Alas, I didn’t make it through the final maze quick enough, and so I’m stuck in One Leaves‘ smoky purgatory until another contestant tries to make an escape. Until then, I guess I’ll just hold my breath.

2019 Game Review Haiku, #38 – One Leaves

Smoking is bad, duh
Escape the maze, run don’t cough
Addiction is death

And we’re back with these little haikus of mine. Go on, gobble ’em up. However, if you want to read more of my in-depth thoughts about these games that I’m beating, just search for them by name on Grinding Down. As always, enjoy my videogamey take on Japanese poetry, even if they aren’t instant classics, such as the works of Matsuo Basho, Yosa Buson, or Kobayashi Issa. Hey, not everyone gets to be that great.

2019 Game Review Haiku, #37 – Northbound

Escape life, roadtrip
Stuck in bus, questioning day
No longer high school

And we’re back with these little haikus of mine. Go on, gobble ’em up. However, if you want to read more of my in-depth thoughts about these games that I’m beating, just search for them by name on Grinding Down. As always, enjoy my videogamey take on Japanese poetry, even if they aren’t instant classics, such as the works of Matsuo Basho, Yosa Buson, or Kobayashi Issa. Hey, not everyone gets to be that great.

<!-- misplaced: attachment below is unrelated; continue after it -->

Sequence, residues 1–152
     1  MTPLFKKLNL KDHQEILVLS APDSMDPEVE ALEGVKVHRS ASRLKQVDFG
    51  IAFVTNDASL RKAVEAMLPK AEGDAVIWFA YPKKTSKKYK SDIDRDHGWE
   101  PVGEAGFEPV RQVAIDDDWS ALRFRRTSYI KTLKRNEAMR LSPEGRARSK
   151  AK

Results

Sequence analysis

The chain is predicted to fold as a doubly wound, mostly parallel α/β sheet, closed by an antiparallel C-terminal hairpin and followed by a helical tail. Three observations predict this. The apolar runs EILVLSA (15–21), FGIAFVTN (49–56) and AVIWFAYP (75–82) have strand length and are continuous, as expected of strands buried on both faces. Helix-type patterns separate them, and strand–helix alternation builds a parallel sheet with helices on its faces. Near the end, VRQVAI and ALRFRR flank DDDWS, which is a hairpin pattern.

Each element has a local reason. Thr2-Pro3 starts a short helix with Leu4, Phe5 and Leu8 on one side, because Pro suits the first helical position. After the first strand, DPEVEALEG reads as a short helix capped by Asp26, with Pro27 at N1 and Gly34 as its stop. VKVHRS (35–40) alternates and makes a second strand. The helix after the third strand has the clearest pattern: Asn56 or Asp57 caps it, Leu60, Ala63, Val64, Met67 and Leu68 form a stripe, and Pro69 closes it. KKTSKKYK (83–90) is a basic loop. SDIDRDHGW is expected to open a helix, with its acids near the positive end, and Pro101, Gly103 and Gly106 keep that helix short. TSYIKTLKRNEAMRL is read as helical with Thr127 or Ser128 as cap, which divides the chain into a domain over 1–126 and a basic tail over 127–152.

Paul’s Preeminent PlayStation Plus Purge – Eat Them!

I like eating. Right now, unfortunately, due to issues related to my colon cancer, I’m not eating as much as I like. That’s a shame, both for me as well as the wonderful recipes my wife puts together. I hope to get back to a place where I can eat and not worry, but until then I guess I’ll just stomp around, destroying buildings and consuming humans for energy. Oh wait, no, that’s not me…that’s Eat Them!

In Eat Them!, you take on the role of disgraced government scientist Dr. Wilder. He has created an array of giant monsters to wreak havoc on the comic-inspired, cel-shaded city streets…because that’s just what you do when you are both disgraced and a scientist. I mean, it’s practically a law. Anyways, these big ol’ beasts eat people for power and destroy everything in their path using heavy-hitting melee weapons, mortars, powerful long-range lasers, and more.